Network design intro

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INFO 331
Computer Networking
Technology II
Network Design Intro
Glenn Booker
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Network Design
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Network Design
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Through the Kurose text we’ve covered
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The application, transport, network, & link layers
Wireless and multimedia technologies
Security
Network management
Not bad!
So how does all this come together to help
create a network?
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Network Design
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Network Design
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Ok, that’s not a small question – we’ll just
tickle the surface (not even scratch!)
Main resources for this section are:
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McCabe, James D. (2003). Network Analysis,
Architecture & Design (2nd Ed.). San Francisco:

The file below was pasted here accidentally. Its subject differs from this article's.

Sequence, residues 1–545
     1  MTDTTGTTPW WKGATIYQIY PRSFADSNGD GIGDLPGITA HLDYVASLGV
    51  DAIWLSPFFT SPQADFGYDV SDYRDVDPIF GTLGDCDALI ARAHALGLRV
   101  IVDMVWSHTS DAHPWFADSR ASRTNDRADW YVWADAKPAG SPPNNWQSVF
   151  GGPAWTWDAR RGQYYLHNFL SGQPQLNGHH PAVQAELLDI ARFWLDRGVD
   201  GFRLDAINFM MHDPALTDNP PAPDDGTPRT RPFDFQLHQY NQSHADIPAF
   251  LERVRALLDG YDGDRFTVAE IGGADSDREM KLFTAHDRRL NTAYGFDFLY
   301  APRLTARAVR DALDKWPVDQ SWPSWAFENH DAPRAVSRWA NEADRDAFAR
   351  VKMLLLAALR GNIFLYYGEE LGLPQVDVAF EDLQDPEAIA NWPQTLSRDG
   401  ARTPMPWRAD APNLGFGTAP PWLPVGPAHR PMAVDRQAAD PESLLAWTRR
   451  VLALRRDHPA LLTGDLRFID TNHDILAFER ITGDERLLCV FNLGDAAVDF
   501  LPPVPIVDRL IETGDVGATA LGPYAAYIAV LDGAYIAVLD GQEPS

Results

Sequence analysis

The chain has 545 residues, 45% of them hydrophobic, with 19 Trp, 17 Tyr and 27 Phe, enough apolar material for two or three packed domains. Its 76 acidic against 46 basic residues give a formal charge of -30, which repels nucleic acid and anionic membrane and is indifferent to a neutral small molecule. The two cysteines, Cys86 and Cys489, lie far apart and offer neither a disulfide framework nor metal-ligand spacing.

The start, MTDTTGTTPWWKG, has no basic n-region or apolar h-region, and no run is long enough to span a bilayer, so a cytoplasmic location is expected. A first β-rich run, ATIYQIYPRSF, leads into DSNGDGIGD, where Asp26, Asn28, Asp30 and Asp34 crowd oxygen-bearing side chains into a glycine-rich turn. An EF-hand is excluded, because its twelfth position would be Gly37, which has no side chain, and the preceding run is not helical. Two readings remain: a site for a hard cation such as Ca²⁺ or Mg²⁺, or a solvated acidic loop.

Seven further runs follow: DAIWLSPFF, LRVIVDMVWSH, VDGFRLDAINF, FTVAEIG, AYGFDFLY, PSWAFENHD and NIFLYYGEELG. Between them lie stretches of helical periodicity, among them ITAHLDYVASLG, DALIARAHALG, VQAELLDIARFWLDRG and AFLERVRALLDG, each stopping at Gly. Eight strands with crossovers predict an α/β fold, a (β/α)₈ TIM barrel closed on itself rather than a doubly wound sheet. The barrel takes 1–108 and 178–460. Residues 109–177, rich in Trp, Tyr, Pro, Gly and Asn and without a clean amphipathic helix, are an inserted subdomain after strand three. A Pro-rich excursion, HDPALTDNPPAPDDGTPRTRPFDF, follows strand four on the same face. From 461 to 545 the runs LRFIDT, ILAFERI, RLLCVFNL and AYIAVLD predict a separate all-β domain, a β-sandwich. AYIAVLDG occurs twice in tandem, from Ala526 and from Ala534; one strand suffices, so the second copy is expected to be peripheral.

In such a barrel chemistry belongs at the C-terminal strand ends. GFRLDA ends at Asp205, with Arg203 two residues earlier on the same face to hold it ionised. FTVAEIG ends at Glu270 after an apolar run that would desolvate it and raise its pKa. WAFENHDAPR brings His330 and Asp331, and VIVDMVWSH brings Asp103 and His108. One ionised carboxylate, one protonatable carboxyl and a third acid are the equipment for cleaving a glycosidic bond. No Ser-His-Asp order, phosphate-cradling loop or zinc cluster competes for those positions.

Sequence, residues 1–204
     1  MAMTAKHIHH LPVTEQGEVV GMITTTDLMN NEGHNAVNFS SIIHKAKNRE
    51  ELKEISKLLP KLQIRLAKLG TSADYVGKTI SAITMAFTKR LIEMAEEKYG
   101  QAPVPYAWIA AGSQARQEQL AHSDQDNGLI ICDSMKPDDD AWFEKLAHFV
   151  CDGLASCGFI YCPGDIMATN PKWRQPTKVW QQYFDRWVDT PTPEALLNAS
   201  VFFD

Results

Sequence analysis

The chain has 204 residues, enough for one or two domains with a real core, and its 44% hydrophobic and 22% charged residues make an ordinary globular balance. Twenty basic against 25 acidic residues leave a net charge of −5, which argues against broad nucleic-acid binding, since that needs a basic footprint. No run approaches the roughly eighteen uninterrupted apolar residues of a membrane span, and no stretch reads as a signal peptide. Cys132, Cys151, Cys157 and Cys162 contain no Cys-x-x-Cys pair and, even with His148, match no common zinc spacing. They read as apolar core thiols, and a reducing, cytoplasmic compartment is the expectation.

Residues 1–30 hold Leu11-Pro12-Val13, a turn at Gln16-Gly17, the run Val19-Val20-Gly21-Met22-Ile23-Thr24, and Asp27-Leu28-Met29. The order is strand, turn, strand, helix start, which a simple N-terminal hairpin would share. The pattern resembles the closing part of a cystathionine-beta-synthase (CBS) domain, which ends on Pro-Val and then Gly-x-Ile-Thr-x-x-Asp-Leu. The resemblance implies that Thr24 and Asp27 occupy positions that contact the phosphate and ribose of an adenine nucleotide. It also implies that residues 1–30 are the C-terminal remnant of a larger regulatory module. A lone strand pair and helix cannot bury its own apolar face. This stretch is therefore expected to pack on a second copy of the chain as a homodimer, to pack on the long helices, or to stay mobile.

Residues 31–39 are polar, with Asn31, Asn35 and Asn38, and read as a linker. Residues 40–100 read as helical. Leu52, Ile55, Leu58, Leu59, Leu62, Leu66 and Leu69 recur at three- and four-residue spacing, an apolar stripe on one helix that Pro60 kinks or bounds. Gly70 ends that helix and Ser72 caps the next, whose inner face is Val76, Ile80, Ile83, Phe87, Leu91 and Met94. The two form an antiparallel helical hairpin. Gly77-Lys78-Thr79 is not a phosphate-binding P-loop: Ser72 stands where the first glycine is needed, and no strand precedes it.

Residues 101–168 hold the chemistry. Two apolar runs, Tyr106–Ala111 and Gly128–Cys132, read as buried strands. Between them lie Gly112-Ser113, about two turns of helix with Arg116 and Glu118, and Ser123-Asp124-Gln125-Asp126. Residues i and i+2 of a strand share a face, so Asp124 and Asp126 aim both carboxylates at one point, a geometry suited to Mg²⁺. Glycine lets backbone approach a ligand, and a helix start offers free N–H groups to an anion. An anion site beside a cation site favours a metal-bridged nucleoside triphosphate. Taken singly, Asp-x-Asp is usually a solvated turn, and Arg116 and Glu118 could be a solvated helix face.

Morgan Kaufmann Publishers. [Chapters 1-5, 10]
Teare, Diane. (2004). CCDA Self-Study:
Designing for Cisco Internetworking Solutions
(DESGN). Indianapolis: Cisco Press.
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Network Design Objective
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Ultimately, our network design must answer
some pretty basic questions
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What stuff do we get for the network?
How do we connect it all?
How do we have to configure it to work right?
Traditionally this meant mostly capacity
planning – having enough bandwidth to
keep data moving
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May be effective, but result in over engineering
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Network Design Objective
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And while some uses of the network will need
a lot of bandwidth (multimedia), we may also
need to address:
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Security
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Possible wireless connectivity
Reliability and/or availability
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Considering both internal and external threats
Like speed for a car, how much are you willing
to afford?
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Network Design Phases
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Designing a network is
typically broken into three
sections:
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Determine requirements
Define the overall
architecture
Choose technology and
specific devices
(McCabe, 2003)
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Network Design
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Systems Methodology